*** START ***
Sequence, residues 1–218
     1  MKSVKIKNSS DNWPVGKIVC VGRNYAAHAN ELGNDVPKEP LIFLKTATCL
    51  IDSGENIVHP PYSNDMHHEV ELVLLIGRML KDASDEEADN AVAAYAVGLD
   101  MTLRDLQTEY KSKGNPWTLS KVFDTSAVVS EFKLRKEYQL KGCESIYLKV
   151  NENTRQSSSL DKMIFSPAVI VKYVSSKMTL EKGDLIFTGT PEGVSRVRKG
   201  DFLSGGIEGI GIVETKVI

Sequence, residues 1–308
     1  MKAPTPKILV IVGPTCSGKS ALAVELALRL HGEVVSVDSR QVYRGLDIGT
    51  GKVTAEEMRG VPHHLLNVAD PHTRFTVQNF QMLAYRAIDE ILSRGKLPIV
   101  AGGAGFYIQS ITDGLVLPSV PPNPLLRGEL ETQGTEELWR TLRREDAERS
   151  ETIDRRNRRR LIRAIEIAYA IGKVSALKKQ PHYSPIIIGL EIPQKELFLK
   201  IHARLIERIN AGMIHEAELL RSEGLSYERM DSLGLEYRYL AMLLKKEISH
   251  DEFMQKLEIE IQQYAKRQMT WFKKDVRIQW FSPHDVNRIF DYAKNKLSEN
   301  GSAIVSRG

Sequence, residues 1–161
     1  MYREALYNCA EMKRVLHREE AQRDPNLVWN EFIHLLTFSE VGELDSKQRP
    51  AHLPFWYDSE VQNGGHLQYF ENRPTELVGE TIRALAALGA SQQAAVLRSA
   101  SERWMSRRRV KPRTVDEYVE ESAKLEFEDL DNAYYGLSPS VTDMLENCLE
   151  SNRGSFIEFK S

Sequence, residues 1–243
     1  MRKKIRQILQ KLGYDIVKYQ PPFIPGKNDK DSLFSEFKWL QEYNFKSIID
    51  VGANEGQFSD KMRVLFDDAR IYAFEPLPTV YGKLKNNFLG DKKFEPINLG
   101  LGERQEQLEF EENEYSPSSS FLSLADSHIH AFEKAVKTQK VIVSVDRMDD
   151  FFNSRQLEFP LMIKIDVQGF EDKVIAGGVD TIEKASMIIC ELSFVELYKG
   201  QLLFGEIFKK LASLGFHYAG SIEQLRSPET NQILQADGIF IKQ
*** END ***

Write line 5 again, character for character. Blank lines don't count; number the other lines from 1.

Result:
   151  NENTRQSSSL DKMIFSPAVI VKYVSSKMTL EKGDLIFTGT PEGVSRVRKG